As opposed to the foregoing garments, it would be useful to provide a shirt or the like that had a cutout section therein for cooling purposes, but yet such garment could be put on in a disposition that was switched from front to back. For example, when being outdoors for work or other purposes, it could be important to protect the back against sunburn while at the same time leaving the front of the torso open for ventilation. Conversely, when cooking at a hot stove, it could be important to protect the front of the torso from the heat of the stove while leaving the back open for cooling. In yet another instance, a person working outdoors may have need to enter a restaurant for a meal, but would not be admitted while having a cutout torso, and in that case the person wearing such a reversible garment along with, perhaps, an unbuttoned windbreaker, could reverse that undergarment so as to cover the front of the torso, put the windbreaker back on, and thus appear to be fully clothed for the purposes of the restaurant. In a similar fashion, a lady who working alone in a garden and was perhaps wearing only a brassiere along with such a reversible garment on her upper body could maintain the cutout region in the front while working alone in the sun, but then reverse the garment so as to cover the front of the torso upon returning to the company of others. In these and similar circumstances, it would be useful to have a shirt-like garment that would provide a cutout section for cooling purposes either on the front or the back of the garment, and could be worn comfortably in either disposition. Preferably, such a garment could be reversed without requiring complete removal thereof, as by removing only the arms, rotating the garment about the torso, and then reinserting the arms.
The invention comprises a shirt-like garment having a cutout section encompassing a major portion of one side of the human torso, which is further adapted so that such cutout section may be disposed either on the front or the back of the torso. Both the collar band and shoulder structure (i.e., the "yoke") are constructed in a manner that is symmetric with respect to a plane that passes transversely between front and back thereof, whereby the front and back become indistinguishable and the garment can be worn with equal comfort in either disposition.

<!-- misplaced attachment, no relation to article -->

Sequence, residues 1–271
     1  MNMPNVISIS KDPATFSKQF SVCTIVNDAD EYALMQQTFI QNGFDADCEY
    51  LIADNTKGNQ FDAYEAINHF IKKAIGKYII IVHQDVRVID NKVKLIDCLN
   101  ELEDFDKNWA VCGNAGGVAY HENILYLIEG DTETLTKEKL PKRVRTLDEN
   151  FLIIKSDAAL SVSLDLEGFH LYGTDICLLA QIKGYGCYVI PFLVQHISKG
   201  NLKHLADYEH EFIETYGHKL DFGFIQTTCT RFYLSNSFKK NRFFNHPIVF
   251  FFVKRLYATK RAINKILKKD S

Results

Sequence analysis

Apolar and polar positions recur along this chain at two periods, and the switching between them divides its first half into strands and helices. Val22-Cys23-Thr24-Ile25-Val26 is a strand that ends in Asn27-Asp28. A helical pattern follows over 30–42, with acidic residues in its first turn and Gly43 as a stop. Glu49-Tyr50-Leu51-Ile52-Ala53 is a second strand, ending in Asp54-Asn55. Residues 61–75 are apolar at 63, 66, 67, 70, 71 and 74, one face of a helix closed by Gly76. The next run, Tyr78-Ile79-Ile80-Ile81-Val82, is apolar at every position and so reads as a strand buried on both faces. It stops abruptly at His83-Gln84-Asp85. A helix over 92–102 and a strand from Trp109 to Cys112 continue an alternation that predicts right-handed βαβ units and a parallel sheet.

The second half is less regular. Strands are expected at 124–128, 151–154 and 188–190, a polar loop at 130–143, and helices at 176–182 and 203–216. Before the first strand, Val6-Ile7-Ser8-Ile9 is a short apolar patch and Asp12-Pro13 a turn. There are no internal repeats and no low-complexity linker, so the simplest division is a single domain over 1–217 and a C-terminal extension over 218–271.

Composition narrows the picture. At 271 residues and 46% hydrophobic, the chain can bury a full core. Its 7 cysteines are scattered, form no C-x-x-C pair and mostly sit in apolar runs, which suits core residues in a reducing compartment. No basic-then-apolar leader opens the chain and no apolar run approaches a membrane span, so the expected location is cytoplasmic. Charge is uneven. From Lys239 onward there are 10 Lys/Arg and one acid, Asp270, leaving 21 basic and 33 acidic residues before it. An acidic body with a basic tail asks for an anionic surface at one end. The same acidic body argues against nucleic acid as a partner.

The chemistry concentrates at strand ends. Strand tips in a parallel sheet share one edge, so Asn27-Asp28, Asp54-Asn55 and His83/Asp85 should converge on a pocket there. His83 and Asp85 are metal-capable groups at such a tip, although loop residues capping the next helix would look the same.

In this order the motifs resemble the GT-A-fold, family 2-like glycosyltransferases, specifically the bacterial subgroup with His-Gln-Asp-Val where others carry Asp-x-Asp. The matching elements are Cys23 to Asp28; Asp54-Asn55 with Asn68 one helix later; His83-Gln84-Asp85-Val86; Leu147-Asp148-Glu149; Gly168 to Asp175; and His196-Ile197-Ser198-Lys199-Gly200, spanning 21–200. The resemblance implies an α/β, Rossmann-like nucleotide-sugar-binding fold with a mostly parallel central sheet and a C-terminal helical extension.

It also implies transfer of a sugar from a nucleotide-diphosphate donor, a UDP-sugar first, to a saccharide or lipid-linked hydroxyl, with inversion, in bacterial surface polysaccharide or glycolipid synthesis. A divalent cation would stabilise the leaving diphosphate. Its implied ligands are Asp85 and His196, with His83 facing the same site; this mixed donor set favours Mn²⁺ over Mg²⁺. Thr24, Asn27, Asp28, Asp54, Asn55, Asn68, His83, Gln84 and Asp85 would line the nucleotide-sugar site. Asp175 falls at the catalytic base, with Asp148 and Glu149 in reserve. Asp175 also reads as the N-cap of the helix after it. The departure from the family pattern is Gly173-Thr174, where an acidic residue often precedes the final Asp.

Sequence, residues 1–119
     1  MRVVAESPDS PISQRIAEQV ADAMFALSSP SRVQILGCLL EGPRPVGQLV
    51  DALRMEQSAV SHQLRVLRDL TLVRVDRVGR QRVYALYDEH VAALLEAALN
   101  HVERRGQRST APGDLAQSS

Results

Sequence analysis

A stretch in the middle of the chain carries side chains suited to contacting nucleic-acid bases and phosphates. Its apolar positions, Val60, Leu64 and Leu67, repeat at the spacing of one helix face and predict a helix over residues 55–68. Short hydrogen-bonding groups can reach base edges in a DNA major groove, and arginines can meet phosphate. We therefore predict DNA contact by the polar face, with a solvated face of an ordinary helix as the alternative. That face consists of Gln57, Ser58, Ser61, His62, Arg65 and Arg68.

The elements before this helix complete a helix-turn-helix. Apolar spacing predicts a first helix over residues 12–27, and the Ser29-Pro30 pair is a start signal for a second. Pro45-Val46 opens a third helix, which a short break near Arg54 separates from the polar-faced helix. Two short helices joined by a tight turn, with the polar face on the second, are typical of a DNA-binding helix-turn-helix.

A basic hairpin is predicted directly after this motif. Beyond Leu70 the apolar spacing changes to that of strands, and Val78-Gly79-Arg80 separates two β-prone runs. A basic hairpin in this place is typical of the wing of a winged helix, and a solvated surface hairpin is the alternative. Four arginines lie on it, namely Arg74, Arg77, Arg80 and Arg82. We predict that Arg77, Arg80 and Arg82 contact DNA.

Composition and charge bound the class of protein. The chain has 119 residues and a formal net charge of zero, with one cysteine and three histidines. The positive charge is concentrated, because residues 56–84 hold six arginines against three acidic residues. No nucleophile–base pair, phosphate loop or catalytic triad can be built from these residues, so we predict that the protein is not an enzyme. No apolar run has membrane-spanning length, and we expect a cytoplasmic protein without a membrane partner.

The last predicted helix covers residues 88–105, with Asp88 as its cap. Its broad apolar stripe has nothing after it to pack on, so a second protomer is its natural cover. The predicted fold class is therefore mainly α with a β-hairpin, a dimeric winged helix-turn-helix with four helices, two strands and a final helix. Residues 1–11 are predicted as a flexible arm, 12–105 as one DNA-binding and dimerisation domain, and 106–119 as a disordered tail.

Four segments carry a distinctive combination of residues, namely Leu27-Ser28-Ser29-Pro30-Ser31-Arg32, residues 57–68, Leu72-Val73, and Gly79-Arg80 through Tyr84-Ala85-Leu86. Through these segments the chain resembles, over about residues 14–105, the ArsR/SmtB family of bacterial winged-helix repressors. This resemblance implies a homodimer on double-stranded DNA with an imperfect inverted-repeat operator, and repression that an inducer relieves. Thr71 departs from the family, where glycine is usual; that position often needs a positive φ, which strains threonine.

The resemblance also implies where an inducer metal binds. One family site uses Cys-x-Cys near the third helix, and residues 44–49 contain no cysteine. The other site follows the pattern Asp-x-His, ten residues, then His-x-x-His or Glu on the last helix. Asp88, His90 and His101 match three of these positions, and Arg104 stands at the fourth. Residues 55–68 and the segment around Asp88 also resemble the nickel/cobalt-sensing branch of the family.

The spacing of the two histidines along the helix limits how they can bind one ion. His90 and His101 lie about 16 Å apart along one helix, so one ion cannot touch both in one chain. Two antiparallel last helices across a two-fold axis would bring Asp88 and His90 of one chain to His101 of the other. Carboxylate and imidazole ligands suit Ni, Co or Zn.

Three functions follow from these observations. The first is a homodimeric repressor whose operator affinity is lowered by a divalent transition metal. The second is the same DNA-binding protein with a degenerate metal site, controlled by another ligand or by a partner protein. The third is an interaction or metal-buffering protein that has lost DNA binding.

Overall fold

The preferred embodiments of the invention will now be described in detail with reference to the accompanying drawings, in which:
FIG. 1 shows in front elevation a "T-shirt" from the prior art which illustrates the conventional asymmetric structure of a neck band.
FIGS. 2a and 2b show in front and rear elevation views respectively an upper portion of a preferred embodiment of the invention, wherein the neck band is front-to-back symmetric.
FIG. 3 shows a top plan view of the garment of FIGS. 2a, 2b, showing again the symmetric structure of the neck band and also the front-to-back symmetric structure of the shoulder region ("yoke").
FIG. 4 shows a front view of the garment of FIGS. 2a, 2b being worn with a cutaway section thereof being placed to the front, together with connecting bands at the bottom thereof.
FIG. 5 shows a rear view of the garment of FIG. 4.
FIGS. 6a and 6b show alternative buckle and hook connecting bands.
FIG. 7 shows a side elevation view of the garment of FIG. 4.
FIG. 8 shows the garment of FIG. 4 being worn by a subject in the opposite front-to-back disposition to that of FIG. 4, the subject being shown from the front.
FIG. 9 shows the garment of FIG. 8 wherein the subject is shown from the back.
In the conventional manner of shirt construction, accommodation is made for the asymmetric structure of the human neck and shoulders, in the sense that the juncture between the neck and shoulders tapers downwardly from back to front. Thus, in prior art T-shirt 1 shown in FIG. 1, in neck band 2, rearward portion 3 thereof is raised higher than frontward portion 4, so that when T-shirt 1 is put on, rearward portion 3 touches the body near the large atlas bone of the spine, whereas frontward portion 4 touches the body at a lower position near the collar bones. Such a design provides greater fit and comfort when T-shirt 1 is worn as intended, but that same design precludes proper fit and comfort should T-shirt 1 be put on "backwards," in the front-to-back sense, e.g., rearward portion 3 in such case will "ride" uncomfortably up on the front of the neck. Conventional shirts such as T-shirt 1 are thus not adapted to be worn "reversibly," in the front-to-back sense, and noticeable discomfort is experienced upon putting on such a shirt "backwards."